I’m scared of needles.
Not fainting-from-fear scared, but definitely unjustified anxiety scared. See, I know perfectly well that it’s only a little stick, not really all that much pain, but when I’m sitting in a doctor’s office or wherever, and a needle is on its way to my skin, that needle seems to get bigger and bigger in my mind until I’m convinced I’m about to be boiled alive.
The reason I’m telling you this is so that you’ll understand what I’m talking about when I say I went to give blood today.
It wasn’t my first time, and blood donation is a real service upon which many lives depend. For those able to do it, it’s an important thing to do. And it’s not difficult, or really all that unpleasant, no matter what my imagination may tell me ahead of time. So I made an appointment, grabbed my book, and headed down to the blood bank.
The book—I was reading the memoir of Ulysses S. Grant. This will become relevant in a moment. Grant, as you may recall, was an important Civil War general, later president, and surprisingly popular North and South. His memoir, considered one of the best books of its kind, is a quiet triumph. In the preface, he comments “I would have more hope of satisfying the expectation of the public if I could have allowed myself more time.” Why was his time short? Because he was dying. He had cancer and passed away just days after finishing his book. It was his last campaign, and he won.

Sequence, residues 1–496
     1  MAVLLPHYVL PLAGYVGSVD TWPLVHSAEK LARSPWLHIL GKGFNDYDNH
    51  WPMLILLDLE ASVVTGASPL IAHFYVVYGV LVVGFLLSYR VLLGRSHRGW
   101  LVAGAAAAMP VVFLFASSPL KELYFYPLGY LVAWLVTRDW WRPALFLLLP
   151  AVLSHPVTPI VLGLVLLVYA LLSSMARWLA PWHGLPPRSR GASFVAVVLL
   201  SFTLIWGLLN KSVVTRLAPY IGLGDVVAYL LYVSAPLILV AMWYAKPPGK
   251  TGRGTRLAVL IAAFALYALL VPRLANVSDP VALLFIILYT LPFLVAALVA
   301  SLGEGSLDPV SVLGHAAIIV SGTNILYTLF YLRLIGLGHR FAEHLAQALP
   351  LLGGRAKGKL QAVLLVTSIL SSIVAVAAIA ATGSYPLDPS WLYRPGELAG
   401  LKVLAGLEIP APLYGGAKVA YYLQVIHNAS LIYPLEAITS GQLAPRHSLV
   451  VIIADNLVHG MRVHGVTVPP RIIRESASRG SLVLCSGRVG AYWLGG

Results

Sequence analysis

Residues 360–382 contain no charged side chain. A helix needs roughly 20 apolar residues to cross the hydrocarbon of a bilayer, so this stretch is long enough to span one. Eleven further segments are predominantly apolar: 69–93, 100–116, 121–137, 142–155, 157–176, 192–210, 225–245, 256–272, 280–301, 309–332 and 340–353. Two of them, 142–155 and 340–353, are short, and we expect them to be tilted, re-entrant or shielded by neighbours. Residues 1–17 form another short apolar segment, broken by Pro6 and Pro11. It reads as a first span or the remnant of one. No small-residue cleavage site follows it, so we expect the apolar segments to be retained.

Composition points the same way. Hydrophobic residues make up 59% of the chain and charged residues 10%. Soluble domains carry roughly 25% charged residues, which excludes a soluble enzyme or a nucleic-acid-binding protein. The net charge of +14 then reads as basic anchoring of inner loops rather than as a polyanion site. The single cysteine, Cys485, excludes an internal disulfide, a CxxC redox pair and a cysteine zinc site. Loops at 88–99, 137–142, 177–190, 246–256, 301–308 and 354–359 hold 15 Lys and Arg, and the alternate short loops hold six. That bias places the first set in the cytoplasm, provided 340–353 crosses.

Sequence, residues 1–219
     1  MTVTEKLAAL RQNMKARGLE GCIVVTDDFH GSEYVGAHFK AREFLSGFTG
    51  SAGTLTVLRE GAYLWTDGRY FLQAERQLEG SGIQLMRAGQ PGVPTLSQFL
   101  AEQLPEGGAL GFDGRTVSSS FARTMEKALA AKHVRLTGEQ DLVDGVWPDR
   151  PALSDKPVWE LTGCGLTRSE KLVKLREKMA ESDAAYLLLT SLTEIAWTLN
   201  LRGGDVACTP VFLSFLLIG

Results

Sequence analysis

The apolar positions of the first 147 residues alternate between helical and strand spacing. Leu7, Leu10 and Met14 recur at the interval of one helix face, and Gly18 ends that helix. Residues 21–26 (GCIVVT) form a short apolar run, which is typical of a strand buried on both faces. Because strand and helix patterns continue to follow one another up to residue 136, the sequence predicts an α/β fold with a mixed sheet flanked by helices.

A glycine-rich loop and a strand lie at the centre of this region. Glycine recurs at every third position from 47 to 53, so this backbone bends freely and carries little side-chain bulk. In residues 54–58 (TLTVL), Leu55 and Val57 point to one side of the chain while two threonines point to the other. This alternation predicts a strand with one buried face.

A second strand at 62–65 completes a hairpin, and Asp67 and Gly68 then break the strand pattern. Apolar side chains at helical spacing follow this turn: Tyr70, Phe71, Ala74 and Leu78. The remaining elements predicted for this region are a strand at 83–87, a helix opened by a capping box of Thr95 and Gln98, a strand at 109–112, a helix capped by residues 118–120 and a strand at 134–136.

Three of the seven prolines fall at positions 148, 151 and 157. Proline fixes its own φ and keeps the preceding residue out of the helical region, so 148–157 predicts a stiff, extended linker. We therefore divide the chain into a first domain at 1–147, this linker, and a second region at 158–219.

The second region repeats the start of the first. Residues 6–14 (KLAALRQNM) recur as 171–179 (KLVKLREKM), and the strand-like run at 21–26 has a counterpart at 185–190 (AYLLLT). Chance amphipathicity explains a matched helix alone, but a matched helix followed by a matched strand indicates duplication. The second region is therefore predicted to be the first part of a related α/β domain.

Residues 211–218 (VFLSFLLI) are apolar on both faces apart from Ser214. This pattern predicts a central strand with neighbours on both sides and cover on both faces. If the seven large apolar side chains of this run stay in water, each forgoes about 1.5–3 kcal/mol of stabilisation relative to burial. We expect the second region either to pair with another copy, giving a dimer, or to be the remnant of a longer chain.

So I walked into the blood bank, filled out the medical forms, and then went into the little room where they check blood pressure and hemoglobin.
Testing hemoglobin level requires a pinprick.
And for some reason, this pinprick scared me. Like, really scared me! For a few seconds, I seriously considered chickening out of the whole thing, running away, and not donating today.
But how could I run away from a stupid little pin prick with Grant’s book in my hands? The presence of that book—that reminder of all the things Grant did–just made it obvious to me how small and how silly my fear was in comparison to all the real threats and true struggles being faced every day by so many people across the world. I couldn’t run.
As it turned out, my hemoglobin was too low, so I couldn’t donate after all. I’ll have to reschedule. But I tell this tale as an example of why it’s important to read—and to write. Because you never know whose words are going to end up being significant, which story is going to be exactly what you need, or what someone else needs, to hear in order to get through a challenge, maybe even a challenge that seems to have nothing to do with the writing.
Me, I take my inspiration where I can get it.
This article by Caroline Ailanthus, our editor, exists to inspire — maybe inspire you to write.
But writing is work you say (Caroline said so!). Yes, but it can provide so many benefits. The best work after all is work that doesn’t feel like work. We’d love to help you achieve that feeling. Create. Create a blog, a podcast, a book, or a video. We’ll help you. Reach out to us here.
And in the meantime, here’s a podcast episode featuring Caroline, giving you permission to write badly.